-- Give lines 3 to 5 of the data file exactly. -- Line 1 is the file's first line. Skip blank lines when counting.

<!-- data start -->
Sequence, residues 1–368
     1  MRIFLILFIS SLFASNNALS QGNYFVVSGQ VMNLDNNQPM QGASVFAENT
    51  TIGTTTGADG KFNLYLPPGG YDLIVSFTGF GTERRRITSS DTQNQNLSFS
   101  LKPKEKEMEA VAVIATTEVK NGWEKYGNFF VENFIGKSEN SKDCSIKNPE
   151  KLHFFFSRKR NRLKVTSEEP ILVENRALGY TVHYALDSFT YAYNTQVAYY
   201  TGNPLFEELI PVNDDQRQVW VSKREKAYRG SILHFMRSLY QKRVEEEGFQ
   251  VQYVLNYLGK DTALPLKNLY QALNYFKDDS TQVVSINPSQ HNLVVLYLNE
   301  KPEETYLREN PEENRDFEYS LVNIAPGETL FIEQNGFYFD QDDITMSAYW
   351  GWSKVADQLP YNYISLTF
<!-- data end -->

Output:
    51  TIGTTTGADG KFNLYLPPGG YDLIVSFTGF GTERRRITSS DTQNQNLSFS
   101  LKPKEKEMEA VAVIATTEVK NGWEKYGNFF VENFIGKSEN SKDCSIKNPE
   151  KLHFFFSRKR NRLKVTSEEP ILVENRALGY TVHYALDSFT YAYNTQVAYY